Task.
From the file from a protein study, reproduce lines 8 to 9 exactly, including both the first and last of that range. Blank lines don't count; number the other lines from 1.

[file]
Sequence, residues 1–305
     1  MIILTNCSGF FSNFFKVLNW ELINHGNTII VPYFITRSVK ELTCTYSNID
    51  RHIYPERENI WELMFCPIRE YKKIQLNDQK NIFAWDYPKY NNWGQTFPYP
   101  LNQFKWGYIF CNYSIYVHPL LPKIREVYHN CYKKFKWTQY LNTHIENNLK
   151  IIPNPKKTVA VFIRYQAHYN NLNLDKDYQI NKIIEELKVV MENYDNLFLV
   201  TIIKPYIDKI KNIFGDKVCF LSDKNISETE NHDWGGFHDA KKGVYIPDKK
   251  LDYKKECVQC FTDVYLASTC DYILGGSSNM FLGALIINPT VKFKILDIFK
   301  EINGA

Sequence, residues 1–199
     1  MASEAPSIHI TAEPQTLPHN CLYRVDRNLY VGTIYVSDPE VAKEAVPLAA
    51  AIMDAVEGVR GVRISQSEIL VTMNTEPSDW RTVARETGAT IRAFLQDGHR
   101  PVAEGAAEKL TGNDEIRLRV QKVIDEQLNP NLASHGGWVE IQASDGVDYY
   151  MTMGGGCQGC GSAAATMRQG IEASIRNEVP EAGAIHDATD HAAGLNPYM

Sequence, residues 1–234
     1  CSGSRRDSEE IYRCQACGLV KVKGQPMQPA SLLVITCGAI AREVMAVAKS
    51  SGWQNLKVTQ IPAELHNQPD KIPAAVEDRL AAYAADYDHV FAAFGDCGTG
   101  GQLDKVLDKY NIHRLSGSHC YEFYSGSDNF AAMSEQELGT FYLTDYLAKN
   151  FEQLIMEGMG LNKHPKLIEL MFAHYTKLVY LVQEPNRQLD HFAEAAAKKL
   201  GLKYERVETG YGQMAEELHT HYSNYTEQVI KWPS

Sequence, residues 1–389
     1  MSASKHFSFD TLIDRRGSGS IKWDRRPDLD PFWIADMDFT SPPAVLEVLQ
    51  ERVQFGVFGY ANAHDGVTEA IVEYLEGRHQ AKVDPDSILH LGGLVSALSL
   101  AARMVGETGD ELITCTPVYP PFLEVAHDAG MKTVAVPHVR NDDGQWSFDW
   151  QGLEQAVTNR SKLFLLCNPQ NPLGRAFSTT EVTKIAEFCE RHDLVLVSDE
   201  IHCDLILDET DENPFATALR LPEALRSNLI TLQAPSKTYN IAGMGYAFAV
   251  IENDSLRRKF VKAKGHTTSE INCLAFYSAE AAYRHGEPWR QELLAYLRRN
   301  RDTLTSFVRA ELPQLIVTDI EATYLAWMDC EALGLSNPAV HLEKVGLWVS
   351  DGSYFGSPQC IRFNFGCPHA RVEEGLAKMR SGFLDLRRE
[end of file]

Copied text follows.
   301  EINGA

Sequence, residues 1–199